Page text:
The man in charge of constructing this year's nativity scene for the Vatican expressed his delight at giving to Pope Francis the nativity he designed, which, he noted, has a special historical significance.

"We had the honor of being in a private audience with the Pope" and with "Cardinal Sepe on Dec. 23" nativity designer Antonio Cantone told CNA in a Jan. 14 interview, where "we presented our donation; the nativity scene.

"The Pope," recalled the designer, "was extremely happy to see a nativity scene so special, so beautiful in his square."

Designed and carved primarily by Cantone and his wife, this year's nativity was created to depict the traditional style of Naples, an Italian city that has been famous for its nativity scenes since the 17th century.

"The Neapolitan nativity is extremely important in art history because it has had a remarkable success in the whole world" Cantone noted, stating that "In fact, most people understand the Neapolitan nativity as the only nativity, and not that of any other nationality."

Located at the center of St. Peter's Square in Rome, this is the first time the Vatican's nativity scene has been depicted the historic Neapolitan style, which, the designer observed, initially caused problems with the size of the statues.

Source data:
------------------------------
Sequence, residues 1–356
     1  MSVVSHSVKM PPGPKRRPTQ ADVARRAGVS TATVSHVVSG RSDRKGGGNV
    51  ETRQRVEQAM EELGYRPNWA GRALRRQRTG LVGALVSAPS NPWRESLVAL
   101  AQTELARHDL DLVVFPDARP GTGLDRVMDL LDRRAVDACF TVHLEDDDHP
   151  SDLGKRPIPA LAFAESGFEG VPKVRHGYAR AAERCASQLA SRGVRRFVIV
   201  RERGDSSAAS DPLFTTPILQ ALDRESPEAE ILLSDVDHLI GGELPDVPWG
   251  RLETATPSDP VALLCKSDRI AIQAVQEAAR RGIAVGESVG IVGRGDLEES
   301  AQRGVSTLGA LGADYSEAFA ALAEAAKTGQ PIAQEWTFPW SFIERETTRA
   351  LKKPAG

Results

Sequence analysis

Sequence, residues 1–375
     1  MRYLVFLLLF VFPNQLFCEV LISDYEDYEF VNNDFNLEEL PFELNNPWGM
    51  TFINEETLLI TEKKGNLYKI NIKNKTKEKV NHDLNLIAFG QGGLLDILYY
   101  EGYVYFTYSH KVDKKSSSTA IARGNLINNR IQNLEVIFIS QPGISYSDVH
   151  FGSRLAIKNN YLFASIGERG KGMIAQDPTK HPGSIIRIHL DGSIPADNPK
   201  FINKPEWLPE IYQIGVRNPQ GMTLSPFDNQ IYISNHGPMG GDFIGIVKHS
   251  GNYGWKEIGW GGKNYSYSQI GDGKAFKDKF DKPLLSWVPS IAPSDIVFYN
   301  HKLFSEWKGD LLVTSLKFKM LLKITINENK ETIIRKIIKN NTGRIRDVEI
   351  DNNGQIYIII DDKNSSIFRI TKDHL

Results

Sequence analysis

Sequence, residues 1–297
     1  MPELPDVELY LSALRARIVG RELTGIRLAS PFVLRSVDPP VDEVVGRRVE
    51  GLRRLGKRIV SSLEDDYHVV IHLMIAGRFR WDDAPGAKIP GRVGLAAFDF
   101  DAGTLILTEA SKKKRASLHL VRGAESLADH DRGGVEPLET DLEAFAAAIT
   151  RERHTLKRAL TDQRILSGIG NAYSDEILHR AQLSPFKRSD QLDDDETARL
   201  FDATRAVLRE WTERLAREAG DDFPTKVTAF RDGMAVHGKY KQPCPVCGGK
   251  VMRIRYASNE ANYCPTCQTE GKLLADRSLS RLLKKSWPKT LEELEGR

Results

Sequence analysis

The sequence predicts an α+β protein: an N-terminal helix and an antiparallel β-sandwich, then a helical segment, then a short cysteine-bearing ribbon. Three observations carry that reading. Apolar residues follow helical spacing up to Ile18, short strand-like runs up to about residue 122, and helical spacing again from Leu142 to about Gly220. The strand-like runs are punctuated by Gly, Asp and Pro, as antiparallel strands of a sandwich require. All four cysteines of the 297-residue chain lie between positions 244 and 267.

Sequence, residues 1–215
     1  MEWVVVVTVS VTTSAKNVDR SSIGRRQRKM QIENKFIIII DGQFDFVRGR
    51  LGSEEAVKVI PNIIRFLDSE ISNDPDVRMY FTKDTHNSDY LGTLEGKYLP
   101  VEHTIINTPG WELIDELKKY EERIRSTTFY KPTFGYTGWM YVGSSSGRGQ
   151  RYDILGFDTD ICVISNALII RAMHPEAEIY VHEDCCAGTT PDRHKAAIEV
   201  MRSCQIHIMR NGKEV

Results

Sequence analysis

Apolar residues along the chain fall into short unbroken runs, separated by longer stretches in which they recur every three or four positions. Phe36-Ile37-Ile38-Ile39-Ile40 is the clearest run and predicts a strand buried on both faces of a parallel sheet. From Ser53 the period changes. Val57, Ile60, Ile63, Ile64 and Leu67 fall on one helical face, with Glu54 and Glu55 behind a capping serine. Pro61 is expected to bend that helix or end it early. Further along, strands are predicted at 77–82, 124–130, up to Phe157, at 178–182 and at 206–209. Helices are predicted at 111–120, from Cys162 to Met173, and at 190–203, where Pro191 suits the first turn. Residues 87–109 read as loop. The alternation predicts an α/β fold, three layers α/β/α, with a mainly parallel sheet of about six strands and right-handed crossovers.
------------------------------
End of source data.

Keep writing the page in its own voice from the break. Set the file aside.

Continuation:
"Neapolitan figures have a maximum height of 50 centimeters," however the statues were made to be "two meters tall" so that they can be "visible from great distances," he explained.

Cantone emphasized that it took him and his wife, along with others who helped in the project, "a year" to do "the figures only."

When asked if there were any hidden details on the nativity scene, as is sometimes done in some styles, Cantone stated that "No," there was not, and that "for those who know the Neapolitan nativity scene, no."

However, the designer drew attention to the right side of the set, where "there is a woman with her hand raised," explaining that "she is a pagan, a gypsy, and when she looks at the baby, she instantly converts. She converts to Christianity as she adores the baby."

"This," he observed, "is a very important character for those who build Neapolitan nativity scenes. It is one of the main, fundamental characters."

After being constructed behind a closed curtain, the nativity was unveiled in St. Peter's Square on Dec. 24, 2013, and will remain in there until Feb. 2, which is the feast of the Presentation of Jesus in the Temple.

Following the dismantling of the nativity, the statues will be taken to the Vatican Museums, where the will be on display for some days.